1. On your kid’s iPhone, Screen Time -> Content & Privacy Restrictions -> Content Restrictions -> then scroll down to the bottom.
  2. Tap “Screen Recording” and check “Don’t Allow.”
  3. Or, if you want to keep it enabled, just look for the red, recording dot at the top of the device when you go to type in the passcode. If you see it, throw them in mommy-prison. Busted!

5. I have set App Limits, but my kid can keep using the apps after the limit is reached!

One toggle makes all the difference. You can do this!

  1. On your kid’s iPhone, Screen Time -> App Limits -> Add Limit.
  2. Then, select the category or individual app (if using iOS 13) you want to limit. Tap “Next.”
  3. Set your time limit, and **this is the key,** make sure “Block at End of Limit” is toggled on. See the image below.

Screen Time Hacks - Protect Young Eyes

6. My kid found software for his MacBook or PC that allowed him to “hack” the 4-digit, Screen Time passcode.

Yes, this has been an issue. We’ve written a whole blog post about this one. You can stop it, but it’s not easy.

7. My kid did a factory reset of the phone in order to get around Screen Time. 

This is the most drastic step. If a kid is using their own Apple ID (since they would have to type it back in once the phone reboots) there’s not much you can do to stop this hack.

Be observant! If you’re monitoring their usage through Screen Time on your phone, you would notice a significant decrease in usage if a reset had occurred (since Screen Time would no longer be tracking usage).

If a kid is willing to factory reset their phone for more access, then there are greater issues to deal with. I might argue the kid isn’t mature enough for an internet-ready, portable device of their own.

8. My kid is using Siri to send text messages when I have iMessage turned off during Downtime or App Limits have been reached.

First, figure out what is so important that your kid is doing this in the first place. Who knows what you might discover about your kid! If you determine that with repeated use of this hack, even if you’ve told him/her that during certain times they’re not supposed to be texting, you can do the following to turn off Siri. Fun fact – I met the woman who was the original voice of Siri!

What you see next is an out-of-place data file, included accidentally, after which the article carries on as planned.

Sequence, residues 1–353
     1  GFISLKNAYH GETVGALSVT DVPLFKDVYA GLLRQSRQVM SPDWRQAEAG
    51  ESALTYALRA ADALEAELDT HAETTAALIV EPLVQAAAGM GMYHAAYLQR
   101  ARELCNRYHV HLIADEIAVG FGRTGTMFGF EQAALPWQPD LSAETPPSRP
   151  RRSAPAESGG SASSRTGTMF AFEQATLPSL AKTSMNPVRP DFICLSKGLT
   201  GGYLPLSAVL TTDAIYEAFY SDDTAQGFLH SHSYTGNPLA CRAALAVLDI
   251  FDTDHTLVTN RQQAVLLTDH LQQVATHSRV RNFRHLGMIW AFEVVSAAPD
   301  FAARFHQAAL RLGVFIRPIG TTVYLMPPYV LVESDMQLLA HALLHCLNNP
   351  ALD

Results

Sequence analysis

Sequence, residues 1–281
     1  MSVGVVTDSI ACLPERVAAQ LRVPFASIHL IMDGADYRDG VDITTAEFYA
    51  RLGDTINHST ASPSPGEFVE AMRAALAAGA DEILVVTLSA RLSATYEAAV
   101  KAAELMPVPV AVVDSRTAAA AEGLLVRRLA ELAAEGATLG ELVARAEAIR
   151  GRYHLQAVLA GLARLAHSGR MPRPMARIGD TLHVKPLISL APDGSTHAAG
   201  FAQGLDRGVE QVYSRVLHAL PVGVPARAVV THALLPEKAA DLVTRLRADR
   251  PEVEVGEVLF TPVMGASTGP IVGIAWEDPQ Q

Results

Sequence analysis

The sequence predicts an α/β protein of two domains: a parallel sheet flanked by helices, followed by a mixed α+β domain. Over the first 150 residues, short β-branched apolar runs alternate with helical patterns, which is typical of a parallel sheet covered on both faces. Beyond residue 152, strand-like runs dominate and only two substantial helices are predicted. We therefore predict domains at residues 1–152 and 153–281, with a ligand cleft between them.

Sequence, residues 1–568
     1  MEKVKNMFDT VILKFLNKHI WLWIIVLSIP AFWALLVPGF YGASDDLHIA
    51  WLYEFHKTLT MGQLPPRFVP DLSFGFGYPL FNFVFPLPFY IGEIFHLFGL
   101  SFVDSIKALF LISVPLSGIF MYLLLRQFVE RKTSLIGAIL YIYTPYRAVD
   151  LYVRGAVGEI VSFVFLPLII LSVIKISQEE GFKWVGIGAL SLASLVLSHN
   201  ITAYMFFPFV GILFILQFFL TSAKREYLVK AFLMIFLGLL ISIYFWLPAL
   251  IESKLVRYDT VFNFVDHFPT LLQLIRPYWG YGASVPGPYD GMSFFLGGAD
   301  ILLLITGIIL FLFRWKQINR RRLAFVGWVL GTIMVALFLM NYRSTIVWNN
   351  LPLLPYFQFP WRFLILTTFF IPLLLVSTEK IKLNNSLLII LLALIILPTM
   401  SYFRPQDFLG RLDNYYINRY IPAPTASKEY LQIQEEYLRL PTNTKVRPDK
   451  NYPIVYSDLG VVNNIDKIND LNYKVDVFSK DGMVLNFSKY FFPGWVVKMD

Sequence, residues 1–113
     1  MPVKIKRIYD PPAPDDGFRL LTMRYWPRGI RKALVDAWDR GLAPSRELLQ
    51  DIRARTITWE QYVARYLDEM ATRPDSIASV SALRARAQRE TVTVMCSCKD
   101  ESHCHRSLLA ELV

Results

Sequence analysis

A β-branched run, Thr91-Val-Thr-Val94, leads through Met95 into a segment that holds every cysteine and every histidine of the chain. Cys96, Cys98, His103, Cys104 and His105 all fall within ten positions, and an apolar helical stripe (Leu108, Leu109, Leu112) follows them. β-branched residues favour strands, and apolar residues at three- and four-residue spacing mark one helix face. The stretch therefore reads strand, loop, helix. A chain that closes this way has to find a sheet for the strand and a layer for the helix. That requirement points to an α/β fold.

1. On your kid’s iPhone, Screen Time -> Content & Privacy Restrictions -> enter your 4-digit Screen Time passcode.
  2. Tap “Allowed Apps” and then Toggle off “Siri & Dictation.”

9. After Downtime enables, my kid takes a screenshot, and uses the picture to select “send” and a secret iMessage portal comes up.

Wow. We have to marvel at their creativity. If they could only apply this same grit and stamina to algebra. Friends, this is one of the few that we can’t prevent. You can monitor for it with a service like Bark, which can give parents “after-the-fact” insight into iMessage (texting) activity. Have you heard of Bark?

Learn more about Bark – the best social monitoring app we’ve seen!

Bark Parental Controls

10. Once App Limits have been reached, my kid just deletes the app, and then re-downloads the app from iCloud WITHOUT Family Sharing permission, which allows them to continue playing.

Don’t we all wish Apple would allow us to permanently delete apps from a child’s Apple ID? First, it’s time for a curious conversation about what it is about this app that they’ve re-downloaded that they can’t live without. Listen to what they have to say and you might learn something new. If then you tell them, “Hey, I don’t want you doing that” and they continue, then you might need to turn off the ability to delete apps.

  1. Content & Privacy Restrictions -> iTunes & App Store Purchases -> type in your 4-digit Screen Time passcode.
  2. You might consider making all 3 choices read “Don’t Allow” per the screen shot below.

Screen Time Hacks - Protect Young Eyes

11. After my kid reaches App Limits, he can still access iMessage (texting) by swiping down, tapping any iMessage notification, and BOOM, he’s sending a text message to friends!